The Pentagon is reportedly ordering the military newspaper Stars and Stripes to shut down.
In a recent memo, the Pentagon told Stars and Stripes' publisher to present a plan by Sept. 15 for the newspaper to be dissolved, asking for a "specific timeline for vacating government owned/leased space worldwide" and saying the "last newspaper publication (in all forms) will be September 30, 2020," according to USA Today. The independent publication for the military dates back to 1861, and according to its website, it "has published a newspaper continuously since World War II."
USA Today opinion contributor Kathy Kiely slammed the reported move, describing it as President Trump's "latest attack on the free press" and stressing the importance of the newspaper being delivered to U.S. troops, including in areas "where the internet is spotty or inaccessible." Kiely also questioned the constitutionality of such a move to shutter Stars and Stripes while noting that this would only save $15.5 million from the Pentagon's $700 billion budget.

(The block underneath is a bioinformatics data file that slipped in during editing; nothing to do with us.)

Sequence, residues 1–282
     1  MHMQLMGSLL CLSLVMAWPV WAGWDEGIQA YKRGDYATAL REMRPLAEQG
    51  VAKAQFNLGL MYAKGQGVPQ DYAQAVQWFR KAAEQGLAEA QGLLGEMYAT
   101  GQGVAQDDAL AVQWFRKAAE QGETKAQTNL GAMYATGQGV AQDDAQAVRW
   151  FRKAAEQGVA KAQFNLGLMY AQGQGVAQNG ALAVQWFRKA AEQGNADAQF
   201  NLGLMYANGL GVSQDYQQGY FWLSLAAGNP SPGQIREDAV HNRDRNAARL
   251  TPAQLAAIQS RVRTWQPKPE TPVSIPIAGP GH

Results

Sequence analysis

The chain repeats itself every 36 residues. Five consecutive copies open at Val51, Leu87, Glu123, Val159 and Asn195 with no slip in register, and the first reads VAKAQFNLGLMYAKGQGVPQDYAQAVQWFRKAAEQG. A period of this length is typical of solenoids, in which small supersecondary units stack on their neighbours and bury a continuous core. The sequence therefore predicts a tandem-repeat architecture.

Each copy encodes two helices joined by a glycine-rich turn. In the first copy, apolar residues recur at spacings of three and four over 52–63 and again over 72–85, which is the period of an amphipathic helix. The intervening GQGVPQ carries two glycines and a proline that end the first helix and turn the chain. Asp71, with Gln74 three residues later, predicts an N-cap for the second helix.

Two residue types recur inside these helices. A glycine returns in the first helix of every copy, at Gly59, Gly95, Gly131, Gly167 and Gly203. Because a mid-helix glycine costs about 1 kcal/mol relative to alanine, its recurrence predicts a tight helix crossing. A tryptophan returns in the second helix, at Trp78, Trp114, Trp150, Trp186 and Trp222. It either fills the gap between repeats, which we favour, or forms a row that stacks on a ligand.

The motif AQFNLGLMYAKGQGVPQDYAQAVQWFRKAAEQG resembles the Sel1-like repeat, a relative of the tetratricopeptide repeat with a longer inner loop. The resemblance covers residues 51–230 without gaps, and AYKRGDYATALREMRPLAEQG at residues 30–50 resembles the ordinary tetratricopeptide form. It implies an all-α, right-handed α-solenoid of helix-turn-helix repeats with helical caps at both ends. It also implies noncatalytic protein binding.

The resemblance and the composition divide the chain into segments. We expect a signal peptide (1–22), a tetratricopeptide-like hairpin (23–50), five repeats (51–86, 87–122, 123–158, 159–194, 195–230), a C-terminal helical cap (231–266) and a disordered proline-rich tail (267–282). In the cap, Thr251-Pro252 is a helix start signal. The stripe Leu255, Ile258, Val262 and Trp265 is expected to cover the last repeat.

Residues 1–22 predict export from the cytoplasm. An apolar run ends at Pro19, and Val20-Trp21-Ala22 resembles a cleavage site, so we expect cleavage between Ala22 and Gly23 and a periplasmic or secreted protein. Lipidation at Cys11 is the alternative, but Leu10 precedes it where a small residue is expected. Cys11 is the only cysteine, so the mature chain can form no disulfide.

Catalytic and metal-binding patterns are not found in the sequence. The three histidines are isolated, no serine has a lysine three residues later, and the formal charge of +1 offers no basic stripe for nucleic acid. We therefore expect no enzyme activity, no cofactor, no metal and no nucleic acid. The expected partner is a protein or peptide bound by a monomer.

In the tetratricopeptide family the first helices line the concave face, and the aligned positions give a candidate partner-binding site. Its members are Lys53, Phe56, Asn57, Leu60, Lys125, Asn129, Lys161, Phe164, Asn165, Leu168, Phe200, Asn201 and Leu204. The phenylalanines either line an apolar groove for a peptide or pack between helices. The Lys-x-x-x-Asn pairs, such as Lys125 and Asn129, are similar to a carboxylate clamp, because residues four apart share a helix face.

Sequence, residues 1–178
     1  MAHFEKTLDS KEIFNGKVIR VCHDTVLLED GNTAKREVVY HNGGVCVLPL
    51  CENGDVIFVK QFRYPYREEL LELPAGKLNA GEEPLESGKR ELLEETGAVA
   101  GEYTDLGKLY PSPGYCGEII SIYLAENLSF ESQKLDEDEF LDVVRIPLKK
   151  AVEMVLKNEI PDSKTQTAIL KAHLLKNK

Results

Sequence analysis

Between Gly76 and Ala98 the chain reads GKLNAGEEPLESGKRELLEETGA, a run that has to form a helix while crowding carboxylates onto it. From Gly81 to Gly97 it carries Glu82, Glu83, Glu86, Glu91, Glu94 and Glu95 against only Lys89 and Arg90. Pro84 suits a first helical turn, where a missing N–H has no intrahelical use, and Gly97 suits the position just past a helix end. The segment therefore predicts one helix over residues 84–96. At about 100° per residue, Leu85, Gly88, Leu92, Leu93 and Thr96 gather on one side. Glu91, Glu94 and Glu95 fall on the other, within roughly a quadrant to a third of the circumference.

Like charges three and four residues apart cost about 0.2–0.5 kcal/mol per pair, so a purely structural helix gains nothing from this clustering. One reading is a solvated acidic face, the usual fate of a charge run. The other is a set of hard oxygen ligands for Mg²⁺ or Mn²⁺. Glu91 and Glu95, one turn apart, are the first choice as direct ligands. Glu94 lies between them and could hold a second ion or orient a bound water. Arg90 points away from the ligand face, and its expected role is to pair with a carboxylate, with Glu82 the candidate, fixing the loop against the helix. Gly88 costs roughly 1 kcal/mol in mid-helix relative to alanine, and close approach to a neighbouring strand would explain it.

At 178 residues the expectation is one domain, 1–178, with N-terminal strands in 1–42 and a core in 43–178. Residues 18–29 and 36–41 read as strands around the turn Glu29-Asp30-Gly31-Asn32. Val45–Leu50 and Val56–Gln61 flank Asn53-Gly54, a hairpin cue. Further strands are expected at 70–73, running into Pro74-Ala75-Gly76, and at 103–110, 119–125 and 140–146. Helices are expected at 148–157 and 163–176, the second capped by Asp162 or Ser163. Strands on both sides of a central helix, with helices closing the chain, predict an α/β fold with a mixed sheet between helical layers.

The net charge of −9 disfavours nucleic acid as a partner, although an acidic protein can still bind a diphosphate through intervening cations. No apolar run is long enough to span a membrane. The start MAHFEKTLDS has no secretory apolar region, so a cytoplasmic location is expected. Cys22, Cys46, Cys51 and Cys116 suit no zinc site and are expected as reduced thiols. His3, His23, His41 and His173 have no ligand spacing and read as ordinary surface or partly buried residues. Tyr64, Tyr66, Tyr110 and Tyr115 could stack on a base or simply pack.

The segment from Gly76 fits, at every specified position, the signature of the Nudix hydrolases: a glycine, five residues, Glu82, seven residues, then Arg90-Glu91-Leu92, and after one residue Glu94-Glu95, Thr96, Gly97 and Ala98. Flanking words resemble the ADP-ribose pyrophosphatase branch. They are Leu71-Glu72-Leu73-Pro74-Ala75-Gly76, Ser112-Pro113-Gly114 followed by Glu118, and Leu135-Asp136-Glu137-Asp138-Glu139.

A bipartisan group of senators recently wrote to Defense Secretary Mark Esper objecting to the "proposed termination of funding" for Stars and Stripes, arguing this could have a "significantly negative impact on military families," The Hill reports.
Reports on the potential shutdown of Stars and Stripes, which come as Trump denies a report that he described U.S. troops killed in battle as "losers," quickly sparked outcry on Friday, with The Atlantic's Adam Harris writing, "I grew up on military installations around the world and a lot of times [Stars and Stripes] was all we had." Stars and Stripes reporter Steve Beynon tweeted in response to the story that "this doesn't stop the journalism," adding, "I'm juggling 3 future news stories today."